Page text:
This Self Taught Programmer Solved MIT’s 20-Yr-Old Cryptographic Puzzle

MIT Cryptographic puzzle
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A Belgian self-taught programmer has solved MIT’s 20-year-old cryptographic puzzle designed by Ron Rivest who is one of the pioneers in RSA cryptographic protocol and, in fact, the R in RSA was taken from his name.

In 1999, a time capsule with a puzzle designed by Rivest was delivered to the famous architect Frank Gehry to design MIT’s Computer Science and Artificial Intelligence Lab, which is now known as CSAIL. The time capsule consisted of 50 rare items contributed by the likes of internet founder Sir Tim Berners Lee and Microsoft founder Bill Gates.

Ron Rivest designed the puzzle in a manner that would take exactly 35 years to compute a solution for it. However, Bernard Fabrot, a self-taught programmer from Belgium has solved the forgotten puzzle 15 years earlier than expected.

What’s the puzzle?

The puzzle involved computing the number that would result from running a squaring operation 80 trillion times — for example, squaring 2 results into 4, squaring 4 results into 16 and so on. The answer to the puzzle was to be obtained by repeating this process 80 trillion times.

This resultant number would then be combined with a number given in the time capsule. The final result would produce a congratulatory phrase which would be used for opening the time capsule.

No parallel computing, only sequential operations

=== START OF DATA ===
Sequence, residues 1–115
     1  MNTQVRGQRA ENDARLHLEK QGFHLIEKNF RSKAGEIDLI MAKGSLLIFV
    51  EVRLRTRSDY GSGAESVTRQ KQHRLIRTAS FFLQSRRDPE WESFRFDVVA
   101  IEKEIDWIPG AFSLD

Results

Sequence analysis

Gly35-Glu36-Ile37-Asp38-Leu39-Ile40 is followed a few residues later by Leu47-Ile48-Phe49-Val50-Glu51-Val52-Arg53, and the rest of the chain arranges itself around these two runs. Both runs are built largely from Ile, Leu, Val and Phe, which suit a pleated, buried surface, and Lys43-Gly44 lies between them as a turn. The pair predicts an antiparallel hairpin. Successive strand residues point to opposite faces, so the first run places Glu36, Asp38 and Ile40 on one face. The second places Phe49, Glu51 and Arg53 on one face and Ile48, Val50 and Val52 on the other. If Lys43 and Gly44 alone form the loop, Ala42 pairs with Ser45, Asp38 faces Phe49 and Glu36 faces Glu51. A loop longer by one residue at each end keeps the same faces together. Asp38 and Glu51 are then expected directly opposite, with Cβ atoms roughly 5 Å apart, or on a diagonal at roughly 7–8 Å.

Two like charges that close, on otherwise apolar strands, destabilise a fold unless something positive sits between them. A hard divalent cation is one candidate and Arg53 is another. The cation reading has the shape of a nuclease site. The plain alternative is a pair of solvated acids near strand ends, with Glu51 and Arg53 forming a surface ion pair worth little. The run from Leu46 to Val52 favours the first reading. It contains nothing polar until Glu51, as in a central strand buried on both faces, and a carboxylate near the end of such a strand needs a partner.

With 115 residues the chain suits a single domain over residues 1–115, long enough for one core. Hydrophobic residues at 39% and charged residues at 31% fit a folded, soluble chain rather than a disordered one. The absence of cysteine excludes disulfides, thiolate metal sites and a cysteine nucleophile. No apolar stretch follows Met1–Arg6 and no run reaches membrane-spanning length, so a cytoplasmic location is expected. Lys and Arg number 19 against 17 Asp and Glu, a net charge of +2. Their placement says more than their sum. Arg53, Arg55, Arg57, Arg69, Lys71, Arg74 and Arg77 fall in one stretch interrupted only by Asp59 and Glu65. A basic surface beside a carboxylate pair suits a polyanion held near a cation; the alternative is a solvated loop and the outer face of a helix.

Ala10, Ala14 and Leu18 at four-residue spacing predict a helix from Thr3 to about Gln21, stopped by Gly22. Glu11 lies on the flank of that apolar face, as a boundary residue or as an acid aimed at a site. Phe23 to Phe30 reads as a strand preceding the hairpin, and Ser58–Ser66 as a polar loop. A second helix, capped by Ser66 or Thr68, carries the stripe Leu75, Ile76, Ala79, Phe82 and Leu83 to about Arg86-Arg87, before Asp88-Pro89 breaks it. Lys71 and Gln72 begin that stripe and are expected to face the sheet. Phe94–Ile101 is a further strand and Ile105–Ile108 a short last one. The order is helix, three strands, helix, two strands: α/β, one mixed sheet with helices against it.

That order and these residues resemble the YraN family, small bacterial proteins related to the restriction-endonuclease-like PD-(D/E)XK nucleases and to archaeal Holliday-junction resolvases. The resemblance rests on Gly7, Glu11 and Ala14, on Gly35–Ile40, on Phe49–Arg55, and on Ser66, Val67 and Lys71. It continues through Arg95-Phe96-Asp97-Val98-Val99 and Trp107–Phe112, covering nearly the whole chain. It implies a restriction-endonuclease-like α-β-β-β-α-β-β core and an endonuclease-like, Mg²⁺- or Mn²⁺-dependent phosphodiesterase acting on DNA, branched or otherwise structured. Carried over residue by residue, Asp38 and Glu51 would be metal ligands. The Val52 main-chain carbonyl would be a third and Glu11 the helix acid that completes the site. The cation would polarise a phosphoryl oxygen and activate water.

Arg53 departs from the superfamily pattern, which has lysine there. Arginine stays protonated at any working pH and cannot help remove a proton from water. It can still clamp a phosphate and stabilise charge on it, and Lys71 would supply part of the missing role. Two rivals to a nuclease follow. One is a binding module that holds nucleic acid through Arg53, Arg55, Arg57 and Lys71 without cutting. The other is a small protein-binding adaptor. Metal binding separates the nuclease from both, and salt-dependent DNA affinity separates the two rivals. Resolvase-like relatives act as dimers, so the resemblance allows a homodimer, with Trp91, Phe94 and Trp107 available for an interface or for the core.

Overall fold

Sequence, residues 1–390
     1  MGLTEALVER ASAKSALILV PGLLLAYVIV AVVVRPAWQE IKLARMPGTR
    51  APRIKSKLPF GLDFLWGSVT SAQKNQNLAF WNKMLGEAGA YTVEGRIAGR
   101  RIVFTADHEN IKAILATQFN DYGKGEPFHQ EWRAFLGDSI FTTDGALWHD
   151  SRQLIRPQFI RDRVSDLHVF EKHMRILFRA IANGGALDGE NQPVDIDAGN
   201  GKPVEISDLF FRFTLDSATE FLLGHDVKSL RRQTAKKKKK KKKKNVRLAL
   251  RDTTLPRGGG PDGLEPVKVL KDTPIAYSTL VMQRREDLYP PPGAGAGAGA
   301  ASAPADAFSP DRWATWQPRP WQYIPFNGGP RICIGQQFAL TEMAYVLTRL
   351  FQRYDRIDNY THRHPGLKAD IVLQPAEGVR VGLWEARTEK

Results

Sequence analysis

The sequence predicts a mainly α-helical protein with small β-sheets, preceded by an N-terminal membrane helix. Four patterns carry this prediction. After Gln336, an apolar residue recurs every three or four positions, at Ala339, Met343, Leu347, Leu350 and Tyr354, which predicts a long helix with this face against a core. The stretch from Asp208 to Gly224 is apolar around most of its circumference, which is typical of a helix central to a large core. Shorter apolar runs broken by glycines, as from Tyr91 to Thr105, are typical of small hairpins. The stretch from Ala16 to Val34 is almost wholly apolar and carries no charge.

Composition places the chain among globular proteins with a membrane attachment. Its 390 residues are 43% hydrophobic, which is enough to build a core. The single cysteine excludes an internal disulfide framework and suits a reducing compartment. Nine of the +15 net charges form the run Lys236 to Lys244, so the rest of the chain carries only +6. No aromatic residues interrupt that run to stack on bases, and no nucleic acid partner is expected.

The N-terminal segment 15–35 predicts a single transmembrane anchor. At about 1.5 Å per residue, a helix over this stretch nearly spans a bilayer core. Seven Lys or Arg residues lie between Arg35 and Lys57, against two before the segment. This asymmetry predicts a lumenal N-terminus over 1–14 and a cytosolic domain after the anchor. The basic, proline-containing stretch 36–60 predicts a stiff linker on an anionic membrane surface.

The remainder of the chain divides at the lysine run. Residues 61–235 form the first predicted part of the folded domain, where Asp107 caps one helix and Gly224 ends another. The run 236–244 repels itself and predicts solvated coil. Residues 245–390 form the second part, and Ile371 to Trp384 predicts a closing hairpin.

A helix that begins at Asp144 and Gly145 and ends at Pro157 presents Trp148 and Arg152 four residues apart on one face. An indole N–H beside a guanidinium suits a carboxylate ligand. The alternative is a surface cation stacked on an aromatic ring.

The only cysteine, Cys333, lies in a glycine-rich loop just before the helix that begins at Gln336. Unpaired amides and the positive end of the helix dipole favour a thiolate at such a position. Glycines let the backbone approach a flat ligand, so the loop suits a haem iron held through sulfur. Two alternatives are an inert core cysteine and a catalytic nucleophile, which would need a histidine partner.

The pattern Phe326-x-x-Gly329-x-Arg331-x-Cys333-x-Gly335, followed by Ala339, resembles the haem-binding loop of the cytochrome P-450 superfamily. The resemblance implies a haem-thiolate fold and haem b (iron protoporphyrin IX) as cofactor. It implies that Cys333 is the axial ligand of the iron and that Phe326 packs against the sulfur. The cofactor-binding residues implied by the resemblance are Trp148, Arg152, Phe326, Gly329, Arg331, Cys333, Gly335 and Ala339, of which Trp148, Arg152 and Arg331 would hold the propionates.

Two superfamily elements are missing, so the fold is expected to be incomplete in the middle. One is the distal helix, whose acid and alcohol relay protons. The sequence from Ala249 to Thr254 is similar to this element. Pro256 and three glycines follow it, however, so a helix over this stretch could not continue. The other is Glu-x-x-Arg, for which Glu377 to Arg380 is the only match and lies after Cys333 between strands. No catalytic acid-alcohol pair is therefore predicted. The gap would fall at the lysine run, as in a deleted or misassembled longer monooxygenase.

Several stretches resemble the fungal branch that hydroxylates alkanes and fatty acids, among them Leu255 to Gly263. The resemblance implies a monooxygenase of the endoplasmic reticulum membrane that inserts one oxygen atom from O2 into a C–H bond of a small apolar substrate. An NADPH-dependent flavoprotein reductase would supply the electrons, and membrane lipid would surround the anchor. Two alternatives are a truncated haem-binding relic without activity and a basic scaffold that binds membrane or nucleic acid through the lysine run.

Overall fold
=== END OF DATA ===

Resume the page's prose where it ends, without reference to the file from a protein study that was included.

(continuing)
What makes this cryptographic puzzle tough is the fact that you cannot arrive at the answer faster by parallel computing. It requires sequential computing which is a time-consuming task. Rivest used Moore’s law to ensure that it would take exactly 35 years to compute an answer for it.

How did Fabrot solve it?

Fabrot, who stumbled upon the puzzle accidentally in 2015, solved the puzzle using a consumer PC running on an Intel Core i7-6700 processor. He applied GNU Multiple Precision Arithmetic Library (GMP) which is a free software written in C language.

He spent three years solving the puzzle and said that his computer was running 24×7 to obtain the answer except when he went out for vacations or during power cuts.

The Message Will Be Revealed On May 15

Now that the puzzle has been solved, the time capsule will be opened on May 15 in a ceremony held at MIT’s Stata Center.

Also read: Here Are The Worst Programming Languages To Learn In 2019

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